The significant decline in referrals and procedures for common cardiac conditions in Ontario following the outbreak of the COVID-19 pandemic has put patients waiting for surgeries at a higher risk of dying, according to a new study.
The study, soon to be published in the Canadian Journal of Cardiology, highlights the impact of the pandemic on cardiac care and the importance of giving treatment to high-risk patients with other medical conditions.
“In the first wave of the COVID-19 pandemic, we kept hearing stories from patients and other doctors that there were delays in care for patients with heart disease,” Harindra Wijeysundera, an associate professor at the University of Toronto and lead investigator of the study, said in a news release.
“We decided to look into these claims using the Ontario database that keeps track of wait lists and wait times for individuals with heart disease who require a procedure or surgery.”
The study analyzed the data of over 584,000 adult Canadians who were referred for four common cardiac interventions between Jan. 2014 and Sept. 2020. It defines the onset of the COVID-19 pandemic as March 15, 2020, when the Ontario health authorities cancelled elective surgical procedures.
Over 37,700 of the patients analyzed were referred during the pandemic months in 2020.
While the study found a decline in referrals for surgery and procedures after March 15, the number steadily increased as the pandemic raged on. The study also observed an initial decline in the number of procedures performed.
Patients pending coronary bypass surgery or stenting were at higher risk of dying while waiting for their procedure compared to before the pandemic. The study said the mortality rates increased during the pandemic even though wait times did not, which indicates that patients may have delayed revealing their symptoms to doctors.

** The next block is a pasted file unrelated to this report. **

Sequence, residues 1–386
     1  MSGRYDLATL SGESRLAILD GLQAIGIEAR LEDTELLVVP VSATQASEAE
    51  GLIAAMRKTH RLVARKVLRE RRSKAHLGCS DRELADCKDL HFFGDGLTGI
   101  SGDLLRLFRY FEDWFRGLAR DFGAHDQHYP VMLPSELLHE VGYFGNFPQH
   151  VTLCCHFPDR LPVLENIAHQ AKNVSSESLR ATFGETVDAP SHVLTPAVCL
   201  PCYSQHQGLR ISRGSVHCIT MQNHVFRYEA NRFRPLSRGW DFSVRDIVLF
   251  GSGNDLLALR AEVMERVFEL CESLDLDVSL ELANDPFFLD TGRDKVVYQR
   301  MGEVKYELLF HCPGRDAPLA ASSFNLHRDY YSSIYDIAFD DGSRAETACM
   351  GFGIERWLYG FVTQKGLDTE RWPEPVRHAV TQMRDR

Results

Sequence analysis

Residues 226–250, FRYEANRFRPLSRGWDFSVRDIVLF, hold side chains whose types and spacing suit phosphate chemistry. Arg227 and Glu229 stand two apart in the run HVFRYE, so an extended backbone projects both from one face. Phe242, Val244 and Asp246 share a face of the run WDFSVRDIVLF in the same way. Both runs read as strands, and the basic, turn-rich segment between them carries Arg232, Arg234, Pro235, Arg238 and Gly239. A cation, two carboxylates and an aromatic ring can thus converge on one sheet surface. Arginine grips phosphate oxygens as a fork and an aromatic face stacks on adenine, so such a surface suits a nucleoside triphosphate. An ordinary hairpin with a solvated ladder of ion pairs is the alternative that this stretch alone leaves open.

“We found that the increase in wait list mortality was consistent across patients with stable coronary artery disease, acute coronary syndrome, or emergency referral,” Wijeysundera said.
“Coupled with reduced referrals, this raises concerns of a care deficit due to delays in diagnosis and wait list referral.”
The researchers suggest a number of potential explanations for the decline in referrals during the pandemic, including the fear of contracting COVID-19 in the hospital and delayed testing.
In an editorial accompanying the study, researchers stressed that hospitals should not rely on self-reporting of a change in symptoms for moving outpatients on a wait list system.
They noted that nobody is watching when patients are at home, while patients in hospital are constantly monitored, allowing deterioration to be detected in a more timelier manner.
“‘The Missing Patient’ must be recognized now by policy makers, decision makers, and health system funders,” they wrote.
The study concluded that reductions in cardiac procedural capacity to accommodate critically ill COVID-19 patients must be balanced against the real risk for wait list mortality observed.
“We believe this is highly relevant to the recovery phase of the pandemic,” Wijeysundera said.
“Efforts must target not only increasing capacity to treat patients on the wait lists, but also efforts must be made to identify upstream barriers that have prevented patients from getting on the wait list.”